You Can Quote Me on Ethics

Nikita Rector, Editor in Chief

Many people are afraid to talk to reporters or writers for fear of being misquoted or taken advantage of.

Anyone with a background in journalism knows how to handle an interview, as well as how to properly use the information received. In some cases however, the writer can misinterpret or misuse this information and turn the article in a completely different direction. It is wrong, and very upsetting to those involved.

An example of this was brought to my attention recently when Christine Tuttle posted a status on Facebook in reaction to an article published in the Omaha World Herald.

“I have to say that I’m incredibly upset and disappointed by Paul Hammel’s article in the Omaha World Herald this morning. It was insensitive, inaccurate and extremely hard and frustrating to read,” Tuttle said. “The only reason I decided to speak to Paul was so that I would be left alone to remember my mom and would not be bothered by reporters.”

“There were very important things I wanted to get across and NONE of those things were published.”

The fact that this happened is absolutely appalling to me. I have read the article, and I agree that it was very poorly written. It was supposed to be a memorial article, an article to remember the innocent people who were killed that day, ten years ago.

Hammel included many things in the article that did not belong there at all. The lead of the article talks about a completely separate event that occurred in Aurora, Neb. He went on in the article to talk about Abe Montalvo, a local business owner that had no connection with robbery or the victims. Hammel was also disrespectful to the families of the victims by having pictures of the murderers on the same page as photographs of the victims.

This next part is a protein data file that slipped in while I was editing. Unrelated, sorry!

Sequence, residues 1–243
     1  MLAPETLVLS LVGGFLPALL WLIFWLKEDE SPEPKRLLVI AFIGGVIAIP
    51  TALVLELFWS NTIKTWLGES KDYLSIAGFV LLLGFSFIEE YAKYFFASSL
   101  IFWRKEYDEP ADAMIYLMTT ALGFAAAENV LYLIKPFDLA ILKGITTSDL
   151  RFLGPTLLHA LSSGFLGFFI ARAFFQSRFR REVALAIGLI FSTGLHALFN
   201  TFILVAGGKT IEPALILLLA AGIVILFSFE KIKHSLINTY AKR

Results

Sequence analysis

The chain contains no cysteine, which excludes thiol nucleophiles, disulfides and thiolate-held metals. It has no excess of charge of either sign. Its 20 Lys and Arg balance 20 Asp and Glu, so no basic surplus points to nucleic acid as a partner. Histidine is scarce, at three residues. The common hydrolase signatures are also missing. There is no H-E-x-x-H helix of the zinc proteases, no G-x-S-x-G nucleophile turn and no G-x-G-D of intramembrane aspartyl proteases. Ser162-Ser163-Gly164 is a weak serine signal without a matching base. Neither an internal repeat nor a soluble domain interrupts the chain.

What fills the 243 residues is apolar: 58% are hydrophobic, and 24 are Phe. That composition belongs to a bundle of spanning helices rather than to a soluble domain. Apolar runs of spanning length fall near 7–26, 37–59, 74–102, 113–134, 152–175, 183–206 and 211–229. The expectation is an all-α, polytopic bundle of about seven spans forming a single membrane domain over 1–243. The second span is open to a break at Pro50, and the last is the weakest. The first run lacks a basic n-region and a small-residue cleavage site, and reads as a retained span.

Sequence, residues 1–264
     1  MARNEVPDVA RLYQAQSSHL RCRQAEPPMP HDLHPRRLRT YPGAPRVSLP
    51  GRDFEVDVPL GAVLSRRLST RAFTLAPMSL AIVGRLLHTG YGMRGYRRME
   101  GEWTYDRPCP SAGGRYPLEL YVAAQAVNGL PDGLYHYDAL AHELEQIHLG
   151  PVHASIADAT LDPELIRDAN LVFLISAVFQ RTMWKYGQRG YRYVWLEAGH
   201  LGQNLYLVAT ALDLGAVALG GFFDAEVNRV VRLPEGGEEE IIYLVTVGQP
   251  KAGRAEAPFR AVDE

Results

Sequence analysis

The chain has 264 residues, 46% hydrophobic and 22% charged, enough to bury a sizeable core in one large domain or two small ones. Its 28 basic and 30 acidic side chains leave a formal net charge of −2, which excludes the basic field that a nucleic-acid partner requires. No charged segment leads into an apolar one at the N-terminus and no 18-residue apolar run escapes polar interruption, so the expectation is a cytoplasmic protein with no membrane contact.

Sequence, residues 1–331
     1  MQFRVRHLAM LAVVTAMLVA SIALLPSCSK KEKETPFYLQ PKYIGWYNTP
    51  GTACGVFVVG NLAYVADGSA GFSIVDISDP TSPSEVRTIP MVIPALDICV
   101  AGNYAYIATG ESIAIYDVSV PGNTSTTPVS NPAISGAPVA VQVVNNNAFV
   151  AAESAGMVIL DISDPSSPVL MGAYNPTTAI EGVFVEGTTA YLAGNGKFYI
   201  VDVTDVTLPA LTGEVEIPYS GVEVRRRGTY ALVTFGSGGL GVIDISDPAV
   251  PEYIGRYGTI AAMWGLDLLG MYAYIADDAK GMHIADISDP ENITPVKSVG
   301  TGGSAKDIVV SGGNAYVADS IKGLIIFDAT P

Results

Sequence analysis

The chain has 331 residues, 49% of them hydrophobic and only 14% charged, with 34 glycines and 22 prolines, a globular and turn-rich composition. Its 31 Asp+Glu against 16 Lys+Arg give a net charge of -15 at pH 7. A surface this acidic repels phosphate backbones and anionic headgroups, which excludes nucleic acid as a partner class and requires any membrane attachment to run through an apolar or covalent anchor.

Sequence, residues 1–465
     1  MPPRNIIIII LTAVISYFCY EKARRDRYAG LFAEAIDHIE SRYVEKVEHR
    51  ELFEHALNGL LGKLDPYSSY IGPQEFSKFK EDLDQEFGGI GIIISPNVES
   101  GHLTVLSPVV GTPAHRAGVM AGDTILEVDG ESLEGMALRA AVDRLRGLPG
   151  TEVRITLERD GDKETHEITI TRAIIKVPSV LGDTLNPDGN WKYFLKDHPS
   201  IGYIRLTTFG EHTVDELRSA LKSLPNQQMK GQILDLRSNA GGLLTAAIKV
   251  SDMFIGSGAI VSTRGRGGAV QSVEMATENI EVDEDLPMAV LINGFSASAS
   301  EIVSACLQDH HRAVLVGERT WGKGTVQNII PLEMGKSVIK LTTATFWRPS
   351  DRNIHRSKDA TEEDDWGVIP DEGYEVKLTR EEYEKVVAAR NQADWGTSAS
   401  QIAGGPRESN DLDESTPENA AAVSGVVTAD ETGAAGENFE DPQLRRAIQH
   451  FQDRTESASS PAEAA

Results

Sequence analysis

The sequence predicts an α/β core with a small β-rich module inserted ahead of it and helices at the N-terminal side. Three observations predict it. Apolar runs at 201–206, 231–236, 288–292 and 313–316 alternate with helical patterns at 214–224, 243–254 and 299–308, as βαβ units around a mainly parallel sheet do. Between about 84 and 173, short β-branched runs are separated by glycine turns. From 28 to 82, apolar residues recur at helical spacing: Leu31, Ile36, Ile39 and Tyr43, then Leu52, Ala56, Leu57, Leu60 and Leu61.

It is a journalists’ job to provide the clearest and most accurate story possible. When learning about interviews, one is taught not to pick and choose from what a source says in an interview in order to create your own story. A journalist should do everything in his or her capabilities to fully understand and make sure not to misrepresent or misquote a source.

It is a good idea for journalists to record the interview, in order to go back and double check quotes. Also having the interviewee approve all quotes before publishing them, is helpful.

” I feel that Paul’s article was sensationalized. There were things published that do not even matter. I feel like I was misquoted and I feel very used and misrepresented but most of all sad,” Tuttle went on to say.

All reporters should know how to handle interviews and quotes. Journalism is a profession, and a reporter should be trained as such. A surgeon is trained to be a surgeon and you expect them to know what they are doing. The same goes for a reporter, you expect them to properly quote you and write a good article.

These things may happen,  but I am truly disgusted by that. As a writer I believe that we should all be properly trained to ensure this does not happen.

I apologize to anyone who has been snubbed by a reporter in the past, and I think you should give it another try. Most journalists are professionals that know how to communicate with other people and provide balanced reporting.